AQFF 2015 Lineup
Team AQFF is beyond excited to announce the official lineup of the 2015 Appalachian Queer Film Festival. As we enter our second year of bringing queer film to the Mountain State, we would like to offer so many thanks to our many partners, as well as the support of film-lovers like you. Get your anchors ready – this year’s films will most certainly blow you away. Tickets on-sale now!
Add the Words (2014)
Directed by: Cammie Pavesic and Michael D. Gough
Since 2006 the LGBT community and human rights supporters have asked Idaho lawmakers to add the words sexual orientation and gender identity to the Idaho Human Rights Act. It is still lawful in 18 states to fire someone or refuse services or housing because of how they identify. For 8 years Idaho activists were told to wait a little longer for the political climate to improve. With their left hands covering their mouths to symbolize how Idaho legislators have worked to silence them, they began a successful civil disobedience campaign in the name of human rights.
On Christmas Eve, trans woman sex worker Sin-Dee Rella, who has just finished a twenty-eight day prison sentence, meets her best friend Alexandra, also a trans sex worker, at Donut Time in Hollywood. Alexandra informs Sin-Dee that her boyfriend and pimp Chester has been cheating on her with a white cisgender woman, Dinah. Outraged, Sin-Dee storms out of Donut Time to search the neighborhood for Chester and Dinah, the “fish” he has been sleeping with.
As Sin-Dee searches for Chester and Dinah and Alexandra prepares for her stage show in West Hollywood, Razmik, an Armenian cab driver, drives clients around Los Angeles to raise money for the girls’ company under the nose of his suspecting mother-in-law.
JT LeRoy was a teen prostitute, addicted to heroin and infected with HIV, when a therapist encouraged him to write his life story. Buoyed by a cadre of celebrities, he published three critically acclaimed books, including Sarah and The Heart is Deceitful Above All Things. But as his fame skyrocketed, the shocking truth emerged: JT was not what he seemed. What followed was a downfall as bewildering as it was tragic. Drawn into LeRoy’s inner circle before the truth came to light, filmmaker Marjorie Sturm was misled like many others. Through intimate interviews with many close to the tarnished figure, Sturm attempts to untangle what really happened, and in the process explores how his deception called into question not only the value of LeRoy’s writing absent authenticity, but our culture’s complicity with the author’s seductive cult of personality.
A young girl in Nevada becomes romantically involved with a female drifter who introduces her to a life of stripping, drugs, and metaphysical experiences that teach her what happens when real life catches up with dark fantasy.
From This Day Forward (2015)
Directed by: Sharon Shattuck
When director Sharon Shattuck’s father came out as transgender, Sharon was in the awkward throes of middle school. Her father’s transition to female was difficult for her straight-identified mother to accept, but her parents remained married. As Sharon approaches her own wedding day, she returns home to Michigan to ask her parents how their love survived against all odds.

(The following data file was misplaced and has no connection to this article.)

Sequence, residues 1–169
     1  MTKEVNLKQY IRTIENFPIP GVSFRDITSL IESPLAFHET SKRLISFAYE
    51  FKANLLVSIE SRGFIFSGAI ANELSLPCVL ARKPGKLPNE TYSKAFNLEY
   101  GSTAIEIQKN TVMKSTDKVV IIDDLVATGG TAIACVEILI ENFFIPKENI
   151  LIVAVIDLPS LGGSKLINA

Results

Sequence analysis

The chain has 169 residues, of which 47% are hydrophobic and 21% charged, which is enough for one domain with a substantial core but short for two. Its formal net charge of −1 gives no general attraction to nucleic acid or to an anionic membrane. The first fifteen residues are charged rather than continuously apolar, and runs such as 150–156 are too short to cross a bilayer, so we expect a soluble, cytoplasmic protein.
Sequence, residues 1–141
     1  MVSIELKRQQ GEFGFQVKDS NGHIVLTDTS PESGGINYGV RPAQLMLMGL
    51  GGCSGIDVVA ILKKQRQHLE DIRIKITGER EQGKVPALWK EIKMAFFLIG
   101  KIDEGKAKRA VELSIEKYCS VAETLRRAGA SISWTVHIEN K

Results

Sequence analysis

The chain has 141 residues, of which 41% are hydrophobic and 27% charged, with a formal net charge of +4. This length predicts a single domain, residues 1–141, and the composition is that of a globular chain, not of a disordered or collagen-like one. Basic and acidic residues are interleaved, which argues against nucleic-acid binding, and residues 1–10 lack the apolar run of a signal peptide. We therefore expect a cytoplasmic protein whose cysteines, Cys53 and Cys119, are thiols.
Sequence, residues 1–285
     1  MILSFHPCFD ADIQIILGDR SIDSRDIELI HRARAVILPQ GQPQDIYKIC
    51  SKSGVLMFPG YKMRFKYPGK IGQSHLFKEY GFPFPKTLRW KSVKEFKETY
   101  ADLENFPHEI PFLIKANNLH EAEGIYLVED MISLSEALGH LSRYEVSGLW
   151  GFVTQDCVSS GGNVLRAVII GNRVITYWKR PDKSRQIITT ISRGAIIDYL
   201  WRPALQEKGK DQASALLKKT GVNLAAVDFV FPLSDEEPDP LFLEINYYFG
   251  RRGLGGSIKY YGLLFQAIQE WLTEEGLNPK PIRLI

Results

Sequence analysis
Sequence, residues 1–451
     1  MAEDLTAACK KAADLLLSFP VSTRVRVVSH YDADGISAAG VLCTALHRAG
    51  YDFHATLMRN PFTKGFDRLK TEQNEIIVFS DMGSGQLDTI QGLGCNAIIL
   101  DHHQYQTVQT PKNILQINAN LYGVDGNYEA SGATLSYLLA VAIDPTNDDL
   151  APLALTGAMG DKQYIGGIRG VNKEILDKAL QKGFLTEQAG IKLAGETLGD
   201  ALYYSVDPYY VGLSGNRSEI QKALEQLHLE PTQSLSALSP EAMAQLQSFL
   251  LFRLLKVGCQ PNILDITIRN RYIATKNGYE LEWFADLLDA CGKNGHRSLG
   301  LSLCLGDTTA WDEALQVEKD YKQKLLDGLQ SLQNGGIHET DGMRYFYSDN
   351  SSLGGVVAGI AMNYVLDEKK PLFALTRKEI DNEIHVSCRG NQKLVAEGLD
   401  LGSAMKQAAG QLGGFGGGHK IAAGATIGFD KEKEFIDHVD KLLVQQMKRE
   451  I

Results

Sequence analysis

That’s Not Us is an intimate portrait of three twenty-something couples as they travel to a beach house to enjoy the last days of summer. But what should be a fun and carefree weekend becomes an exploration of what it takes to sustain a healthy relationship and make love last in what is now being called the “gayest generation.” Through each of the three couples – one gay, one lesbian, and one straight – That’s Not Us explores sex and relationships with a fresh perspective, finding that while sexuality and gender may vary, the struggles to keep love alive do not.
From the archives of the “queer Smithsonian,” San Francisco’s GLBT Historical Society, comes the forgotten history of a gay Korean War veteran tasked with writing the military discharges of outed gay seamen. The Typist details a conflicted clerk’s participation in discrimination and his divided allegiance to homosexuality and heroism.
The FAIR Theater in Jackson Heights, Queens is one of the oldest continuously running gay establishments in New York City. It is one of only two pornographic theatres left in New York after the Giuliani Mayoralty. A loyal patron recounts this history through his erotic encounters there, revealing how the FAIR has managed to stay open and serve its gay clientele for over 35 years.
Do others treat us like puppets or are we the ones who let them treat us that way? The future of a sensitive child is marked by an “experience” as a puppet and by the intimate bond he has with male dolls.
Scout’s Oath is a short documentary film that examines the Boy Scouts of America’s (BSA) existing antigay policy towards the organization’s one million adult volunteers in the wake of the BSA’s decision to permit participation by gay youth. The film fo-cuses on the story of Len Lanzi, a former Boy Scouts of America
official who served as the Executive Director of the Los Padres Council of the Boy Scouts of America. During his tenure, Lanzi oversaw 300 scouting units on the West Coast. In October 2000, after coming out as gay in a public speech, Lanzi was fired from the organization. A personal, single subject exposé, Scout’s Oath follows Lanzi as he recounts his early involvement with the Boy Scouts, his professional career as a Scout executive, and his ultimate firing from the organization that he came to love and defend.
A lonely young man rhythmically narrates his leap from isolation to ecstasy when he meets a beautiful stranger in a bar.